THE Dragons’ signing of Wales and Lions powerhouse Jamie Roberts is a coup to rival the Rodney Parade arrival of Springboks superstars Percy Montgomery and Gary Teichmann, according to Ian Gough.

Centre Roberts has returned to Wales after seven years playing for Racing 92 in France, Harlequins and Bath in England and the Stormers in South Africa.

The signing of the Cardiff Blues legend is another boost to Dean Ryan’s squad that has already been bolstered by Wales backs Jonah Holmes and Nick Tompkins.

The 33-year-old was born in Newport and said on Monday that he fell in love with rugby after being taken to watch the Black and Ambers by his father Norman.

Among the players in his autograph book was Gough, who he would go on to play alongside with Wales.

The hard-hitting lock has hailed the signing of Roberts as one to rival those of the South African stars who were lured to Newport by Tony Brown.

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“Jamie is up there with Percy Montgomery and Gary Teichmann – he’s a great big-name signing,” said Gough, who made 139 appearances for Newport and played 102 times in two spells for the Dragons.

“It’s great for the fans, giving them hope and showing ambition because they have had a tough stint over the years and deserve a bit of positive news and some success.

“Jamie is a great signing and even though he is in the autumn of his career – and I have been in that position – will really boost the squad.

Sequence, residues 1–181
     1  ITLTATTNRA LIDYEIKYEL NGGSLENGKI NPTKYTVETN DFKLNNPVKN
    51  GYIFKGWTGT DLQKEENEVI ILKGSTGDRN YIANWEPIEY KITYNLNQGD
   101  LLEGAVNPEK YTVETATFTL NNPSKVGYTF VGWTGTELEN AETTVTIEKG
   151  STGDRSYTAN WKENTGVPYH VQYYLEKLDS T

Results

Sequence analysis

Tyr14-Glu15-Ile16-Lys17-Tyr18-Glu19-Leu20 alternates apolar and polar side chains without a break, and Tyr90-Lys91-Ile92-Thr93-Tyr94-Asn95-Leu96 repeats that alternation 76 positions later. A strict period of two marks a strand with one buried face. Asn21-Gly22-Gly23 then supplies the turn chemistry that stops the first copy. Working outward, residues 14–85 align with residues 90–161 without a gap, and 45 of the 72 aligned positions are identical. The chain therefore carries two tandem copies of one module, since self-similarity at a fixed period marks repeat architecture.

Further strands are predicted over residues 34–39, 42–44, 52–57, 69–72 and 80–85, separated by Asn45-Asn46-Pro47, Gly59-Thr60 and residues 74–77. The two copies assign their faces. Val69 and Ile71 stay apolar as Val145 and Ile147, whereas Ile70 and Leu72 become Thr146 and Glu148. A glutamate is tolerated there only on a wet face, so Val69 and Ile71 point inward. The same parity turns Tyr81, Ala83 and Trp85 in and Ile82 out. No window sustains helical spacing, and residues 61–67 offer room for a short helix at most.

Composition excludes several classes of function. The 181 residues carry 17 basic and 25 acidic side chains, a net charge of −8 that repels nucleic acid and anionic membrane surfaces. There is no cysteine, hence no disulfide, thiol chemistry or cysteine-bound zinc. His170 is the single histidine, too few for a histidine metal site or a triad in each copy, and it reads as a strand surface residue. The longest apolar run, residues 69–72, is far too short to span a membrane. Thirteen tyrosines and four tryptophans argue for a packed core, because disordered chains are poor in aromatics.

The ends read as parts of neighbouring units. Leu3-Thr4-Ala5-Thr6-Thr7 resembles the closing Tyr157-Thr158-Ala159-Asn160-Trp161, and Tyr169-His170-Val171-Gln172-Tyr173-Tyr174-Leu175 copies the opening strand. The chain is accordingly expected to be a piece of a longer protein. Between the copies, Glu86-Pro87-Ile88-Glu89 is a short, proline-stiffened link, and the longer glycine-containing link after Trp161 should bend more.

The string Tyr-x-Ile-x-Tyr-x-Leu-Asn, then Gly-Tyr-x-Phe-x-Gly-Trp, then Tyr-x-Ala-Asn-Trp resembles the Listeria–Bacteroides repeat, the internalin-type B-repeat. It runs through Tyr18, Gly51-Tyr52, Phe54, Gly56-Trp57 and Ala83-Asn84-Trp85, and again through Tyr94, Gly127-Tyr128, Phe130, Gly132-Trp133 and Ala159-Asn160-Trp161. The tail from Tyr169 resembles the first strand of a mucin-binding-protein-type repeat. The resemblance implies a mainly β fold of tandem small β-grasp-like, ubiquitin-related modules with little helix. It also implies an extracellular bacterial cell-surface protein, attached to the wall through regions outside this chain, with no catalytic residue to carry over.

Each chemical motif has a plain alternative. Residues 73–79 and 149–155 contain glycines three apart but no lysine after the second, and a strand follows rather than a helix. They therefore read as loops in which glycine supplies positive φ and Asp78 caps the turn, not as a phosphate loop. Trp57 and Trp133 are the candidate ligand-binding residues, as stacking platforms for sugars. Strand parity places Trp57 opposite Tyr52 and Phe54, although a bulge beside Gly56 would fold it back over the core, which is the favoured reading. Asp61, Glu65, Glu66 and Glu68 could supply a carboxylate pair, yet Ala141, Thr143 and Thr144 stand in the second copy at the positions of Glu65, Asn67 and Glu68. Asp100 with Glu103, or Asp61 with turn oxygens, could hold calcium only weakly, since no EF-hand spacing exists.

“He is a different animal to some and has performed to the highest degree at all the clubs he has been at, whether in France, England or South Africa. Jamie still has the drive and the hunger and has been putting in the displays.

“Clubs are sometimes a bit wary of bringing in players who are coming towards the end of their careers but Jamie is a good choice and will add a lot to the squad.”

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Gough was in the boilerhouse when Roberts made his Test debut as a wing against Scotland in the 2008 Six Nations, part two of a Grand Slam.

The Cardiff Blues back was then turned into a centre and became a key figure of Warren Gatland’s team with his direct running and defensive strength.

Gough stresses that Roberts wasn’t, and isn’t, just about the collisions.

“When he came in I was struck by him being a strong, strong bloke and he packed on even more weight as he carried on,” said former lock, who was then with the Ospreys.

“But he also had incredible footwork for such a big lad – sometimes I think he has been unfairly pigeonholed as a crash, bang guy.

“He wasn’t that, I remember doing defence drills in training and you’d think that you had him lined up because he is such a big lad but he had the agility and sleight of foot to put you off balance and put you on a weak shoulder, making it hard to put a good shot on him.”

Gough passed on knowledge to up-and-comers when he returned to the Dragons in 2014 and believes Roberts has the manner to thrive when having the same responsibility.

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“He is a legend – he is a Lion, had 90-odd Welsh caps and has been there and done it, playing in leagues all over the world,” said Gough.

“But he is also a nice bloke who comes across well and has time for people. He is a rounded individual and he won’t be an unapproachable character for the youngsters that want to learn off him.

“He is amicable and will chat to those boys, so they will progress under him. His role will be not just to play but be a good role model to bring them on.

“Jamie will want to finish his career on a high. He is a very ambitious bloke and will do that alongside the development of the younger and less experienced players.”